Designing algorithms is easy to do badly—just look at Amazon. The American retail giant failed spectacularly this year when its AI introduced bias against female job applicants. This happens when a machine inadvertently learns to mechanise bias already existent in employee data, explains British entrepreneur Kate Glazebrook. “It is easy to come up with something which appears to deliver the outcome you’re looking for but has phenomenally bad unintended consequences,” she says.

Glazebrook is co-founder and CEO at Applied, a startup spun out of Britain’s Behavioural Insights Team (an organisation set up improve government policy and services). Since 2016, Applied has used behavioural science to mitigate human biases and support human decision-making across 65,000 job candidates for more than 60 organisations including the British Government, Hilton Hotels and publisher Penguin Random House. It closed a £1.5m investment round in November 2018.

Kate Glazebrook presenting Applied at the DWP-led Women In Digital conference.

Glazebrookwho previously completed a Masters in public policy at Harvard Universitydescribes Applied’s approach as “redesigning the decision process, rather than using AI to determine the outcome”. The technology platform doesn’t rely on algorithms to identify and predict high performance, instead, it implements more than 30 anti-bias “nudges” to counteract common cognitive biases. For example, to curb the “Halo/Horns effect” (when one candidate detail unduly influences the impact of other details) Applied presents candidates’ answers in batches so that reviewers can compare candidates across one topic at a time. It also randomises the order of applicant answers to remove the bias of decision fatigue (when earlier answers are seen more favourably to later ones). And it removes distractions like names and socio-demographic details which can see employees hiring clones of themselves (known as affinity bias).

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Glazebrook’s research within the Behavioural Insights Team suggests that 60% of candidates selected using Applied would have ended up in the ‘no’ pile based on their CVs alone. Applied could adopt AI to streamline human decision making, adds Glazebrook, but she remains wary of its flaws. “The test data you build an algorithm from itself needs to be free from bias: I’m not aware of any existing data set that is free from bias,” she concludes.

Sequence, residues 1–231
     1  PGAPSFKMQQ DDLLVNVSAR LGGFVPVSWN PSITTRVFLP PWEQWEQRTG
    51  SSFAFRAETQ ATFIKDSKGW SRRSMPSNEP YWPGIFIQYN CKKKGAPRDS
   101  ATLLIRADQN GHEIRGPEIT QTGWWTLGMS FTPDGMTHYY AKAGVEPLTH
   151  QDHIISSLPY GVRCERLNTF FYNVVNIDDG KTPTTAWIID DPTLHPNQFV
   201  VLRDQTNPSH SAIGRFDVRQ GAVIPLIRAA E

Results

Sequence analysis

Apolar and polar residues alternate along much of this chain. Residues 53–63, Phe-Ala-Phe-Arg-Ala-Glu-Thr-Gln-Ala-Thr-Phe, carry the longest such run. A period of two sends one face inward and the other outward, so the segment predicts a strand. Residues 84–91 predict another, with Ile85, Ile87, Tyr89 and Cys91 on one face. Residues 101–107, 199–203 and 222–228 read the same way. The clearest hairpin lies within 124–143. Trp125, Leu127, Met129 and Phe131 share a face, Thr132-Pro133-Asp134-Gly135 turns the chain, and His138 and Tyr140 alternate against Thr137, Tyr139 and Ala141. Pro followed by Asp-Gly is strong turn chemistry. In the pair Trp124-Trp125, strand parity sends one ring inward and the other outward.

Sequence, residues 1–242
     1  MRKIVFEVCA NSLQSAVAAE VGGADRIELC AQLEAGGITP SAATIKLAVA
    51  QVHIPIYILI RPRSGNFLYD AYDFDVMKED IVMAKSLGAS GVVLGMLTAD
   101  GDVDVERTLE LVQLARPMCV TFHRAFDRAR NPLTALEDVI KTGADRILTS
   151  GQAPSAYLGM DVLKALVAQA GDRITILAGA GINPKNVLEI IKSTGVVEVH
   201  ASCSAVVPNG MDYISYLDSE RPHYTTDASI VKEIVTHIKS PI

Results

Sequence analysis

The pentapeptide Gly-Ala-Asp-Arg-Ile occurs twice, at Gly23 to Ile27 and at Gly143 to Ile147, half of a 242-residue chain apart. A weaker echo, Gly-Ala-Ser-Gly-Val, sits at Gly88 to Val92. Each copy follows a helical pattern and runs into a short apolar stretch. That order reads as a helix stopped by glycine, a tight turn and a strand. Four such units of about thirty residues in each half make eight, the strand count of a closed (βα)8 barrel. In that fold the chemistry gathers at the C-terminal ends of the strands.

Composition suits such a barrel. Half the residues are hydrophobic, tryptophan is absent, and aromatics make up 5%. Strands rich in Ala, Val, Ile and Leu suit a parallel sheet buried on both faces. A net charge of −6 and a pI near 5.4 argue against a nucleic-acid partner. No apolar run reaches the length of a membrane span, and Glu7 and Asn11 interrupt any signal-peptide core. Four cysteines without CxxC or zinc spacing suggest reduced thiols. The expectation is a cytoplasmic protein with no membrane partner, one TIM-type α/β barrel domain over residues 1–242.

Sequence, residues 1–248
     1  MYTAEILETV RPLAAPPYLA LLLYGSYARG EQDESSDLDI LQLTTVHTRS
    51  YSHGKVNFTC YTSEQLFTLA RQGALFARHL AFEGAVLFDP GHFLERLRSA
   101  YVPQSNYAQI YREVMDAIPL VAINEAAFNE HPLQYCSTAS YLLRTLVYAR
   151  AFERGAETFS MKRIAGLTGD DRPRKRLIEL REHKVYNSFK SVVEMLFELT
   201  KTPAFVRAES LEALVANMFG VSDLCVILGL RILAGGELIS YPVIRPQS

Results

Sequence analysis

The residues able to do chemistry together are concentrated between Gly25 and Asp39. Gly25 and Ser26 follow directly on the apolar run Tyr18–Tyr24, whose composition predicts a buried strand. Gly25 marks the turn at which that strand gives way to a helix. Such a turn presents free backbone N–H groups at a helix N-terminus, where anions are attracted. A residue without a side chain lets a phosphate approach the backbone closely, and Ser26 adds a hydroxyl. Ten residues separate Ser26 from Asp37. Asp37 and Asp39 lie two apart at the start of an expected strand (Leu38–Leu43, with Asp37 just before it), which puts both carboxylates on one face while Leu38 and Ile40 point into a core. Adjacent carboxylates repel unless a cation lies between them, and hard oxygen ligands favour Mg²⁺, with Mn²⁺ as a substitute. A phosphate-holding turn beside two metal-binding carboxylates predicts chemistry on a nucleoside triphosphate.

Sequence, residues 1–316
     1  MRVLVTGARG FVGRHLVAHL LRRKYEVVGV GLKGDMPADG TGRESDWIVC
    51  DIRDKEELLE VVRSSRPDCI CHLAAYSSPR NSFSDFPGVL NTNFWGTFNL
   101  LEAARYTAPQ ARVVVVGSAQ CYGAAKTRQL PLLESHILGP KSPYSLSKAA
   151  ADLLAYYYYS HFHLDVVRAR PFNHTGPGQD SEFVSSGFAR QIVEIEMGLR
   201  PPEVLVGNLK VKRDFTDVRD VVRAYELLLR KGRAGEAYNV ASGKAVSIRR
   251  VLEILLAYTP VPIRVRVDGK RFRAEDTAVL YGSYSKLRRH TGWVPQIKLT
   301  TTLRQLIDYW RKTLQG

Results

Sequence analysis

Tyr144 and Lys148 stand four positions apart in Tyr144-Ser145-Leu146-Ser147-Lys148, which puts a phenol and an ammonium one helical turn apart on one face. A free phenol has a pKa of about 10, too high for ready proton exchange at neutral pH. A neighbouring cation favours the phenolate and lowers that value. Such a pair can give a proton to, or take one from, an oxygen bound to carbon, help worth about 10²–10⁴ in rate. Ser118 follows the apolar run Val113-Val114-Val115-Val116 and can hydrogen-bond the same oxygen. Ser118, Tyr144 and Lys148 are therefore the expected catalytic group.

60% of candidates selected using Applied would have ended up in the ‘no’ pile based on their CVs alone.

Despite this, startups across Europe are determined to use artificial intelligence to introduce rather than prevent greater employee diversity.

Bénédicte de Raphélis Soissan, founder Clustree.
Bénédicte de Raphélis Soissan, founder Clustree.

Bénédicte Raphaelis is the founder of the French AI firm Clustree which focuses on internal hiring and promotion. The Paris-based startup uses natural language processing (NLP) to predict skills based on job titles, and develops deep learning algorithms to extracts insights from candidate profiles. It also automatically recalibrates its recommendations based on user feedback and—like Applied, Clustree blinds these to aspects like gender, age, or educational prestige. Clustree has already supported the internal hiring of 200,000 employees across billion-euro companies like Sanofi chemicals, Orange telecoms, and Carrefour, Europe’s largest retailer.

“I realised that HR people didn’t use data to put skills at the centre of decisions.”

Raphaelis—who has two STEM Masters degrees—says she realised she needed to transform the hiring landscape after years spent working in small firms left her feeling stuck. “I was a woman, I had no big logos in my education, or among my employers—I was convinced that my resume alone would never lead to an interview,” she tells Sifted. In response, Raphaelis put job titles to one side, and instead analysed what skills she had in common with 500 other professional profiles. “That’s how I had the idea of Clustree,” she explains. “I realised that HR people didn’t use data to put skills at the centre of decisions.”